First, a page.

Your title to the property is for the land which you bought and on which you built the house. There is never a title deed simply for a house. The original title deed (acte de vente or acte authentique) will be stored in the archives of the notaire who dealt with your purchase.
You should have been given an official copy of the deed once the registration formalities at the local French Land Registry were completed. However, in our experience owners do not always receive this. If you instruct the same notaire to deal with the sale as who dealt with your land purchase, they will simply retrieve the title deed from their archives. If you instruct a different notaire, they can request it from the previous one.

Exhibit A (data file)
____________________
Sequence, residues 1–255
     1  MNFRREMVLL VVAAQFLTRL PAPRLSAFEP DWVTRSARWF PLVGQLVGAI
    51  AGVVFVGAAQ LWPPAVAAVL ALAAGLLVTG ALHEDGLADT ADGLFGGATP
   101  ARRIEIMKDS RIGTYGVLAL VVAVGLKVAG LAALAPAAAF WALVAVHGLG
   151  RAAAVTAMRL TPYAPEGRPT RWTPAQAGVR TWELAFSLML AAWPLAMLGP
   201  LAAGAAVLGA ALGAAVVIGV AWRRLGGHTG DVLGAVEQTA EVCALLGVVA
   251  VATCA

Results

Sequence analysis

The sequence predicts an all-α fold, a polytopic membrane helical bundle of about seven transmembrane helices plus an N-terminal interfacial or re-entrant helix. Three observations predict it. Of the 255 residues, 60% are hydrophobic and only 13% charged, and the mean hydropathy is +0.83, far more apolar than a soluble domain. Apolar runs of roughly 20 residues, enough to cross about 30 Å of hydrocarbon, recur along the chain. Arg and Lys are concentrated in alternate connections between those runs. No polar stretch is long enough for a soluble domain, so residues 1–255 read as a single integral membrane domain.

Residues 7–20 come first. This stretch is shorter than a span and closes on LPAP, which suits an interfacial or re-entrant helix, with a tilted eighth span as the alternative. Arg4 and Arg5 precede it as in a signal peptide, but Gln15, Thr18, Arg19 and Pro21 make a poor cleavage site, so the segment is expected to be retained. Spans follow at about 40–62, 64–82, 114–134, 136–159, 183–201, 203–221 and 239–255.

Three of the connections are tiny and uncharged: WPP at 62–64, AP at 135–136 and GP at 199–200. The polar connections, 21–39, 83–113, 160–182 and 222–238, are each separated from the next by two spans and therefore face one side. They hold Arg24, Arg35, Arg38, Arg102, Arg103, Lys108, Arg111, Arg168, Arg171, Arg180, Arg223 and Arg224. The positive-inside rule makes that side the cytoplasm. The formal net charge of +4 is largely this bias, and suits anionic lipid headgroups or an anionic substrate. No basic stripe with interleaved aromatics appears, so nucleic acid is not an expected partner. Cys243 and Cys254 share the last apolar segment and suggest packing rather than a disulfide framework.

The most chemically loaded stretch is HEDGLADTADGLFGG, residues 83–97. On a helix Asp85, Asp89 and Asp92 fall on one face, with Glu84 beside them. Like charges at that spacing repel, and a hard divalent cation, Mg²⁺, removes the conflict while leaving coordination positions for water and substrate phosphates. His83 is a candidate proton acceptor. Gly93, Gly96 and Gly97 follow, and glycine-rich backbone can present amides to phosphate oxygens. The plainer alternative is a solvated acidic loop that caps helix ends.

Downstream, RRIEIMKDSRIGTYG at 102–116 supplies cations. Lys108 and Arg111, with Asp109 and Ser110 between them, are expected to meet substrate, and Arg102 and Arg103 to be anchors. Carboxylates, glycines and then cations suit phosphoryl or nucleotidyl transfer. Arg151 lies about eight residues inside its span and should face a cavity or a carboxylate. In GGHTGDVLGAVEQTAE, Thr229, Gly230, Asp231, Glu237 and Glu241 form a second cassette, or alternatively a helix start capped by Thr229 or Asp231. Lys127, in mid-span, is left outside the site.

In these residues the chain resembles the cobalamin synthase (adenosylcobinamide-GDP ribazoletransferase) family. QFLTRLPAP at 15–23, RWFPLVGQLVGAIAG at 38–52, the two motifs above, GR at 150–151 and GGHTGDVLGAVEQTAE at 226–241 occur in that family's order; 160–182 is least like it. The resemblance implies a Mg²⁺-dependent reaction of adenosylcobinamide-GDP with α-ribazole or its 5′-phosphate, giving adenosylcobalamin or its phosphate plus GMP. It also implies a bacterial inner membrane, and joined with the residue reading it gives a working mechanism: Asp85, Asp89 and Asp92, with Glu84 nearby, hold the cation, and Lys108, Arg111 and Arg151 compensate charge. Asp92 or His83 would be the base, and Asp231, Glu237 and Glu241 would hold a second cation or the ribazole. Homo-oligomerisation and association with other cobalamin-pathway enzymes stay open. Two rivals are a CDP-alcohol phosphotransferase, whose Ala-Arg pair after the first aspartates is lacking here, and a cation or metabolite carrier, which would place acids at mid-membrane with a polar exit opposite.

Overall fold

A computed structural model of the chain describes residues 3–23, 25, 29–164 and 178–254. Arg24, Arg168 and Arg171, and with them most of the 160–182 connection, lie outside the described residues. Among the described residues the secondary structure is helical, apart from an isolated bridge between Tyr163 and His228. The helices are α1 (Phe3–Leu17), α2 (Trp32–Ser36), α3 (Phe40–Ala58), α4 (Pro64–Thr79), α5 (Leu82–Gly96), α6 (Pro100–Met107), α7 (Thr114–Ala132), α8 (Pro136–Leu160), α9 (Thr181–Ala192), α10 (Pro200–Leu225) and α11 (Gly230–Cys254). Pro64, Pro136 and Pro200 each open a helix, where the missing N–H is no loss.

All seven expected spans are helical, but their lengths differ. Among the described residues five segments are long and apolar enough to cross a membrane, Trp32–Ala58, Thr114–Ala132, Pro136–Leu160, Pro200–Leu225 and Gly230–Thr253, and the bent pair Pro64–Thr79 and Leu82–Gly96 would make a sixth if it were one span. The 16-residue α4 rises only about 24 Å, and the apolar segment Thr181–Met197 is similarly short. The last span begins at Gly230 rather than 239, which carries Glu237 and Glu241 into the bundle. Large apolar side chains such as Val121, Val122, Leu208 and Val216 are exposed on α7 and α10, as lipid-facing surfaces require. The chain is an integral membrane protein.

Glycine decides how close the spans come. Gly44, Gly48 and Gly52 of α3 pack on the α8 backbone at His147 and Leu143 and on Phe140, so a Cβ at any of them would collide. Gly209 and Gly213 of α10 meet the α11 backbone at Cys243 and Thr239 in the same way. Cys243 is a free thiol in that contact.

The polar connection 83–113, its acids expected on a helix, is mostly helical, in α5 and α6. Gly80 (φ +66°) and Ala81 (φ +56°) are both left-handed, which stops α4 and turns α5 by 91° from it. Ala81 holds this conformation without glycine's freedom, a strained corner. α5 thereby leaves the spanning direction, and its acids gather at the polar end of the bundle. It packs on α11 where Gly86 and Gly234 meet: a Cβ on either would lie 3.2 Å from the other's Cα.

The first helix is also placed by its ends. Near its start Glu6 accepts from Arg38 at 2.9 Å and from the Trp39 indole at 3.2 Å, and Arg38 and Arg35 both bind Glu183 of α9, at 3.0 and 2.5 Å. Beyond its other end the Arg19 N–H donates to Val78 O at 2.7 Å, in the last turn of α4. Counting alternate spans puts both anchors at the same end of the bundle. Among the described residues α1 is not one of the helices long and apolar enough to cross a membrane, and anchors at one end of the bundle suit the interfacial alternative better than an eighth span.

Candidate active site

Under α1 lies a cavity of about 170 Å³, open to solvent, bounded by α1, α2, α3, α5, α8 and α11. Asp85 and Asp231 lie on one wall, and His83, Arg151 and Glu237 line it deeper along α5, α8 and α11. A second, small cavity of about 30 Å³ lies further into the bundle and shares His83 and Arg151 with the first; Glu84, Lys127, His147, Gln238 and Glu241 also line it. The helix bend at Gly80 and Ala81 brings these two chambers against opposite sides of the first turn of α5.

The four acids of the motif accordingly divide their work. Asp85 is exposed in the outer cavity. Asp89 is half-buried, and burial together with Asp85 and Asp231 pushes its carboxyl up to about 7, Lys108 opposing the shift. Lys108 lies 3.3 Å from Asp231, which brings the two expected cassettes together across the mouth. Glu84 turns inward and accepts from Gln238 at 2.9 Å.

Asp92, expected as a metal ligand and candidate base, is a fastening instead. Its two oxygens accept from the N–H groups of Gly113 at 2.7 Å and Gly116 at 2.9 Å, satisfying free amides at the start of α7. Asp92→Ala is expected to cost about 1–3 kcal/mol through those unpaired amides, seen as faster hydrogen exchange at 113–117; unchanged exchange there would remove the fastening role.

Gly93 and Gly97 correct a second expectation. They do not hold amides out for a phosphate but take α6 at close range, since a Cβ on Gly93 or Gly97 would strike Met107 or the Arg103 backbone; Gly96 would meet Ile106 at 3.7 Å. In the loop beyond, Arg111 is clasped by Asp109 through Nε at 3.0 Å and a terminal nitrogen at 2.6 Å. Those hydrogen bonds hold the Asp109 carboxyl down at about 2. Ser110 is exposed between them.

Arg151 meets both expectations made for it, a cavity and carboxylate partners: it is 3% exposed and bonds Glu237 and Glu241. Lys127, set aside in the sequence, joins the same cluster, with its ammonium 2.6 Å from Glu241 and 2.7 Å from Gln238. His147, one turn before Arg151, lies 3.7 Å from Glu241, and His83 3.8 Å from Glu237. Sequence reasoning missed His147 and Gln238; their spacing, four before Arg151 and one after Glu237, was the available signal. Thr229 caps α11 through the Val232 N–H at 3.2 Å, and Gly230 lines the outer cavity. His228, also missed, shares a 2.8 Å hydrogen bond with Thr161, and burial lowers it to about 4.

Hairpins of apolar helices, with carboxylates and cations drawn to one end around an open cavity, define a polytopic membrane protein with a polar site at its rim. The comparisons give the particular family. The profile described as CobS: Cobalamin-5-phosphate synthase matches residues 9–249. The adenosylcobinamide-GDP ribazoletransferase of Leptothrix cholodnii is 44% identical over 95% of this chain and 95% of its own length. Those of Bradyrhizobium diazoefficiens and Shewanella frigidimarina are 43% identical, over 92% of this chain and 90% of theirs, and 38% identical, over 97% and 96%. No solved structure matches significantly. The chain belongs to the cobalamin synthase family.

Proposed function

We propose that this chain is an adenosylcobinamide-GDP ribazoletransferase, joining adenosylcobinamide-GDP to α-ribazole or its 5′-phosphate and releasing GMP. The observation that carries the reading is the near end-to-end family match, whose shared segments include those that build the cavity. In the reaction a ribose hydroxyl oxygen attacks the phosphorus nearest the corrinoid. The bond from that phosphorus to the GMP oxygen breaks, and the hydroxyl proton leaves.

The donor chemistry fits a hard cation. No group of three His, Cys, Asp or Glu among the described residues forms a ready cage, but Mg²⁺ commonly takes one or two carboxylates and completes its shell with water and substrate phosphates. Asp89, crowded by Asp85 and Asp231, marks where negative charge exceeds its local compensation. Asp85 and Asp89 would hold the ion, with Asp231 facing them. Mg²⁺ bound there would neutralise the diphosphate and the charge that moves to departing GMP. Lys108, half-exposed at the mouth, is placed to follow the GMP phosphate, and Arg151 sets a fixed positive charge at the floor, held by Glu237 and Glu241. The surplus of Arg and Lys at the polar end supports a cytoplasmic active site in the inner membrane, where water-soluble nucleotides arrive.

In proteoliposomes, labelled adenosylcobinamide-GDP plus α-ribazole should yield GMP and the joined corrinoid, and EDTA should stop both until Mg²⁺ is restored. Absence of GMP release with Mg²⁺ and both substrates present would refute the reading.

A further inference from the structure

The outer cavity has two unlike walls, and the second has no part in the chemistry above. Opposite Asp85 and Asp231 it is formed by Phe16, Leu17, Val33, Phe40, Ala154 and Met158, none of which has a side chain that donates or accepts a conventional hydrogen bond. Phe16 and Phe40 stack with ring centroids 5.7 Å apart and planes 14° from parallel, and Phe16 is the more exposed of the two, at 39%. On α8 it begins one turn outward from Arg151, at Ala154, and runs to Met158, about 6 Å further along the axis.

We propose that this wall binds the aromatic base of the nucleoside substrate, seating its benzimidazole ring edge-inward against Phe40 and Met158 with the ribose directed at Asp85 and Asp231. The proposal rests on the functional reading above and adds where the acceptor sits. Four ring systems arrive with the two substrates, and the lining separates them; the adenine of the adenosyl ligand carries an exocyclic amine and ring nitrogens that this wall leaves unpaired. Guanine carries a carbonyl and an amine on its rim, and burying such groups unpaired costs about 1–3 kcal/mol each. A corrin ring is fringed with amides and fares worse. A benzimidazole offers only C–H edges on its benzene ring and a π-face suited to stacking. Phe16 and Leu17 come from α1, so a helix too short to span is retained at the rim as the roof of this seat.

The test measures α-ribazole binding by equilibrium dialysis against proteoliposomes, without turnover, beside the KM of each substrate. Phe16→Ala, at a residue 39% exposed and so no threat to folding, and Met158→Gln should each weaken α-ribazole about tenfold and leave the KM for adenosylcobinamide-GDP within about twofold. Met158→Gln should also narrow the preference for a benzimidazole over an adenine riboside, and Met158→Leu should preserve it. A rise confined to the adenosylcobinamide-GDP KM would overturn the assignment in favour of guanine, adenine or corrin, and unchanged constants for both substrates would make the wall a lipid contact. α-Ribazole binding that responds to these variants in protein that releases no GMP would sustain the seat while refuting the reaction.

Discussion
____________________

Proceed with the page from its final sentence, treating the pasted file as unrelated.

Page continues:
The notaire will also need copies of the planning documentation for the house which you have built, including the permis de construire, déclaration d’achèvement des travaux et de conformité, arrêté ou attestation de non-opposition à la déclaration de conformité, or, if the house was completed before October 1, 2007, a separate declaration of completion and a certificate of conformity with planning.
Assuming the construction was completed more than 10 years ago you will not need details of the construction insurance and structural guarantee for the works.
As you are selling a second home, you may be liable to pay capital gains tax in France on the sale proceeds.
You will need original receipts for the construction work to calculate what costs can be allowed as deductions from the gross gain. These must be addressed to you, show the property address and be issued by a builder registered in France.
Question answered by Barbara Heslop of Heslop & Platt
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